MAXIMIZING THE VALUE OF YOUR FARM DEBT REPAYMENTS

Originally published on July 2, 2009

 

Farming is one of the most capital intensive professions on the planet.  Farming with debt or as the old-timers put it “running a blistered farm” is standard practice.   This past month after securing financing for a client, the banker enthusiastically told me that “it'll be the cheapest money the farmer ever borrowed".   With interest rates at record lows, this is the reality and for this reason you should review your farm loans and mortgages to ensure that you are maximizing the value of your farm debt repayments.

What rate are you paying?

The first step in evaluating your farm debt repayments is to determine your cost of borrowing.  On each of your farm loans or mortgages, you are required to pay either a fixed or floating interest rate, which is the borrowing rate you had previously agreed to.

An increasing number of Prairie farm managers are keeping their farm loan and mortgage information together in one file or binder.  This file or binder would hold the initial documents, lending covenants and your respective loan or mortgage repayment schedules.  By keeping this information in one place, you will be able to track the effect of your principal and interest repayments,  identify any covenant violations,  upcoming mortgage renewal dates and which high cost debt should be paid off first.

The benefits of consolidation

Replacing higher cost debt with one lower-rate loan or mortgage will typically save you more than you think.  To illustrate this, let's assume you had three five-year $100,000 loans on which you had borrowed at rates of 7.5%, 8.25% and 6.25%.  You have the opportunity to consolidate this farm debt into one loan at a much lower rate of 5.25%.  While you know it's worth doing,  what is the actual benefit?

In table one I've computed the savings generated by consolidating these loans to the lower 5.25% borrowing rate.  In the far right column titled "Difference", we see that over five years, the consolidation loan puts an additional $18,806 in your pocket.

Table One            
  7.50% 8.25% 6.25% Total 5.25% Difference
Interest            
2009 7,184.03 7,908.45 5,978.91 21,071.38 15,051.09 6,020.29
2010 5,872.28 6,485.31 4,860.38 17,217.98 12,181.60 5,036.38
2011 4,460.32 4,942.35 3,670.85 13,073.52 9,159.48 3,914.03
2012 2,940.47 3,269.46 2,405.82 8,615.75 5,976.62 2,639.12
2013 1,304.50 1,455.71 1,060.49 3,820.69 2,624.47 1,196.22
  21,761.59 24,061.28 17,976.44 63,799.32 44,993.27 18,806.04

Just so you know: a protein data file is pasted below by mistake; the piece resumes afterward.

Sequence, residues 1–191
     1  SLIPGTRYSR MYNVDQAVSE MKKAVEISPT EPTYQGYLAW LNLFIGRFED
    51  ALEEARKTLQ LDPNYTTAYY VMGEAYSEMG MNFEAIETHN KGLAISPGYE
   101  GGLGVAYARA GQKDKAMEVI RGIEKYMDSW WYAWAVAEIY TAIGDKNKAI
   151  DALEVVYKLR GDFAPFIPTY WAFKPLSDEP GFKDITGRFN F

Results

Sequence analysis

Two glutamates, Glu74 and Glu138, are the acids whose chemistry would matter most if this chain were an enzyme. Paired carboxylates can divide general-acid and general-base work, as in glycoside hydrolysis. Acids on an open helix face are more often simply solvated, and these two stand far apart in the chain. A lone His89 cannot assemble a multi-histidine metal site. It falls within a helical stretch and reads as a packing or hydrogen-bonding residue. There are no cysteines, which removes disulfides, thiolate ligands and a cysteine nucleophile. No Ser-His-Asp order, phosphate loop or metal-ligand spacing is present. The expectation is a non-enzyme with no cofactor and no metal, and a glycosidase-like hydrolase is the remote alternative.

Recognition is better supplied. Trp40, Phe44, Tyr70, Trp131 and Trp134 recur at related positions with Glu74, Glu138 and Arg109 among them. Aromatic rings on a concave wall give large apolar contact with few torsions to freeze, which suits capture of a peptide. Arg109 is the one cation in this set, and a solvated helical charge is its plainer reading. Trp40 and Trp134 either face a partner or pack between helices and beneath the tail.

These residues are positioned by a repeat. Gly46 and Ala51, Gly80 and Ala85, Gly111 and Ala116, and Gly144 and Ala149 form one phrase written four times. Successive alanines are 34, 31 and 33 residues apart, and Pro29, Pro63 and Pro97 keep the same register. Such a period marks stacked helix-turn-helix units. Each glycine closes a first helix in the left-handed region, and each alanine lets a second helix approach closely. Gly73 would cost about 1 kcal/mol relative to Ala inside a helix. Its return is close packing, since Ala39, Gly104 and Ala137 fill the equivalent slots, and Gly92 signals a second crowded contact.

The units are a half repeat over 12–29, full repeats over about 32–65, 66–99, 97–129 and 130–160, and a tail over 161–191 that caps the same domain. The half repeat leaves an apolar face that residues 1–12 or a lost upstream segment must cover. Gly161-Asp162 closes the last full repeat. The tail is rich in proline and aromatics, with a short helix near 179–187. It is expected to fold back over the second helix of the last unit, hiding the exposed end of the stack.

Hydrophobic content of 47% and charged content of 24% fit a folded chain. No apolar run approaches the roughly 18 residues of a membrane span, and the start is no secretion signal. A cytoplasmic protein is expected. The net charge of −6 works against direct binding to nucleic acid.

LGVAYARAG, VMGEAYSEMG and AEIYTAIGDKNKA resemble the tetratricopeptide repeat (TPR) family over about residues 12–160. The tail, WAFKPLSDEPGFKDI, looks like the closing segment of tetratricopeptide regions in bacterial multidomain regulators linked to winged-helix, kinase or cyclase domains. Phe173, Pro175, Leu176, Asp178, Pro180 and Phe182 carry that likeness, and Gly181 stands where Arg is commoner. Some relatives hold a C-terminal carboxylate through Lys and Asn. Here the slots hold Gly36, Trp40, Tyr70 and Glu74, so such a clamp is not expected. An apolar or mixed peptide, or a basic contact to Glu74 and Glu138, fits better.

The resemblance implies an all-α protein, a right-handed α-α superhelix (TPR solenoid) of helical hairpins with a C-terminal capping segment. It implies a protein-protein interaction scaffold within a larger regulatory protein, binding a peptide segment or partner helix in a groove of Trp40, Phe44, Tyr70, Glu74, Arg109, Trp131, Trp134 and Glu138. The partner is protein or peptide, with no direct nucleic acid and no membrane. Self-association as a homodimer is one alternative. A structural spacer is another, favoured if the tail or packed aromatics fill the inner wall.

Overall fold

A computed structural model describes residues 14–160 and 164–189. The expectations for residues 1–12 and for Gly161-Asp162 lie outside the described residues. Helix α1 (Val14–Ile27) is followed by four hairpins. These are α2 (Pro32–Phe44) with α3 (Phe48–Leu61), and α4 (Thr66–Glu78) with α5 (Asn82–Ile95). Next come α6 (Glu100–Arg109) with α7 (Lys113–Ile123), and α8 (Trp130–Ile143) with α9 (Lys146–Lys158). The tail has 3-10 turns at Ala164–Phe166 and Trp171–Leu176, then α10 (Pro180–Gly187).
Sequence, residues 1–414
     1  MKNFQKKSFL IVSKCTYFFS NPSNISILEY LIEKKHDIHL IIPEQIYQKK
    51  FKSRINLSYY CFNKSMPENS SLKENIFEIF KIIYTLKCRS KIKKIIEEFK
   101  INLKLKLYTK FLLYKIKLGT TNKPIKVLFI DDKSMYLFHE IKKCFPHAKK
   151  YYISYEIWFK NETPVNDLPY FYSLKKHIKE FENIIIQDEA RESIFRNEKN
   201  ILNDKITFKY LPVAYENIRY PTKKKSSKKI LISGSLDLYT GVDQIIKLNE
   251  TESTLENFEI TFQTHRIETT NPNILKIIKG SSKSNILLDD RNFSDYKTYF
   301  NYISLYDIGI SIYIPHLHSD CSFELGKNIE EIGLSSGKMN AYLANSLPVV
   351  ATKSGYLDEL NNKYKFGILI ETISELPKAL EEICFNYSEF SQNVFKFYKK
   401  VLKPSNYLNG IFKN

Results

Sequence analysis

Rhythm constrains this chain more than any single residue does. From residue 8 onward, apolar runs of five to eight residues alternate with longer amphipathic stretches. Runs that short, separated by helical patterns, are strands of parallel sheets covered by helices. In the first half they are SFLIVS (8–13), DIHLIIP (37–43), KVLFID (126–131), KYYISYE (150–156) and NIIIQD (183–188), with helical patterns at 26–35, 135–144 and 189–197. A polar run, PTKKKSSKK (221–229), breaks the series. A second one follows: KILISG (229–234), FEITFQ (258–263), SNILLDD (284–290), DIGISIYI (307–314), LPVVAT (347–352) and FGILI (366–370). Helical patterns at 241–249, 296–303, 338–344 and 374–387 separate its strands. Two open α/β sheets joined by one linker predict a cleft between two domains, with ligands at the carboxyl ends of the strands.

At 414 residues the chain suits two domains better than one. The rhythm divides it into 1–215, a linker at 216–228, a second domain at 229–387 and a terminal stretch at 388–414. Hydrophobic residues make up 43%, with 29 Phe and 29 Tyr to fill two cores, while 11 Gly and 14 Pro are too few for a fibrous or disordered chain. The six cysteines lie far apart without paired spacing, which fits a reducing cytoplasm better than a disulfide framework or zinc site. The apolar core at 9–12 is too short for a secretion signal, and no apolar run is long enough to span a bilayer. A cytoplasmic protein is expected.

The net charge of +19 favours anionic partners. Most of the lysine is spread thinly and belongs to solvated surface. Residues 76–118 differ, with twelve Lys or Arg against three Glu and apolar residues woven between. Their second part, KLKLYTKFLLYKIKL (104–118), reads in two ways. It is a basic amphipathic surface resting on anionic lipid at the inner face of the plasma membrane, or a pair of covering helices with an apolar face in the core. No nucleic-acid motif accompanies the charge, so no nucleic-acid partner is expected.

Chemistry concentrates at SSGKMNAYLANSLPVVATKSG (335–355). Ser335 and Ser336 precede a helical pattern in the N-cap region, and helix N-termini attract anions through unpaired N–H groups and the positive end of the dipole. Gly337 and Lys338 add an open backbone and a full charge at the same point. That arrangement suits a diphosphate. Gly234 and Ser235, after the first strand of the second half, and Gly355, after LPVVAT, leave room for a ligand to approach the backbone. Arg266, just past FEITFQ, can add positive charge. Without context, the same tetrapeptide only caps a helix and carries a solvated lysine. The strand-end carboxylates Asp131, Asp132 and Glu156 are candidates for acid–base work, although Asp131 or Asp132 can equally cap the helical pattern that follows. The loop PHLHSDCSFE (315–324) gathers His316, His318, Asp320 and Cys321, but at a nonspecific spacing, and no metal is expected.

The benefits of carrying your farm debt in a corporation

Farm debt within a corporation will be paid back much faster than if it were held personally. For this reason, if you have a corporation then you should be borrowing there first.

To illustrate this, let's assume that we have $40,825 of annual income which our non-incorporated and incorporated farmers will be applying net of tax to their farming debt.  For the non-incorporated farmer in the middle bracket,  he will pay approximately $14,289 of income taxes on this income leaving him with $26,536 to be applied to his farm principal and interest payments.  At the top of table two, we see that after 14 payments the debt is extinguished.

 

 

For the incorporated farmer applying the same $40,825 of annual income, net of tax to his farming debt, he is able to get the loan paid much faster.  At the bottom of table two, we see that after 10 payments the debt is extinguished. 

Table Two            
Debt Held Personally            
  Beginning Balance Interest Principal Loan Payment Tax Payment Total Cash Payout Ending
1 300,000 7,875 18,661 26,536 14,289 40,825 281,339
2 281,339 7,385 19,151 26,536 14,289 40,825 262,188
3 262,188 6,882 19,654 26,536 14,289 40,825 242,534
4 242,534 6,367 20,170 26,536 14,289 40,825 222,364
5 222,364 5,837 20,699 26,536 14,289 40,825 201,665
6 201,665 5,294 21,243 26,536 14,289 40,825 180,422
7 180,422 4,736 21,800 26,536 14,289 40,825 158,622
8 158,622 4,164 22,372 26,536 14,289 40,825 136,250
9 136,250 3,577 22,960 26,536 14,289 40,825 113,290
10 113,290 2,974 23,562 26,536 14,289 40,825 89,728
11 89,728 2,355 24,181 26,536 14,289 40,825 65,547
12 65,547 1,721 24,816 26,536 14,289 40,825 40,731
13 40,731 1,069 25,467 26,536 14,289 40,825 15,264
14 15,264 401 15,199 15,600 8,400 24,000 65
    60,636 299,935 360,571 194,154 554,725  
               
Debt Held In Corporation            
  Beginning Balance Interest Principal Loan Payment Tax Payment Total Cash Payout Ending
1 300,000 7,875 26,622 34,497 6,328 40,825 273,378
2 273,378 7,176 27,321 34,497 6,328 40,825 246,057
3 246,057 6,459 28,038 34,497 6,328 40,825 218,019
4 218,019 5,723 28,774 34,497 6,328 40,825 189,245
5 189,245 4,968 29,529 34,497 6,328 40,825 159,715
6 159,715 4,193 30,305 34,497 6,328 40,825 129,411
7 129,411 3,397 31,100 34,497 6,328 40,825 98,311
8 98,311 2,581 31,916 34,497 6,328 40,825 66,394
9 66,394 1,743 32,754 34,497 6,328 40,825 33,640
10 33,640 883 33,614 34,497 6,328 40,825 26
    44,997 299,974 344,971 63,279 408,250  

Closing comments

In closing, who doesn't want "cheap money"?  Take a closer look at your farm debt or stop in to see your lender.  Who knows, you might be able to stretch your farm debt repayments a little further and get the farm un-blistered faster.

 

 

Allyn Tastad, certified general accountant, is a partner in the accounting firm of Hounjet Tastad Harpham in Saskatoon at 306-653-5100, e-mail at allyn@hth-accountants.ca or website www.hth-accountants.ca. He is also involved in the family farm near Loreburn, Saskatchewan.  The opinions expressed in this column are for information only.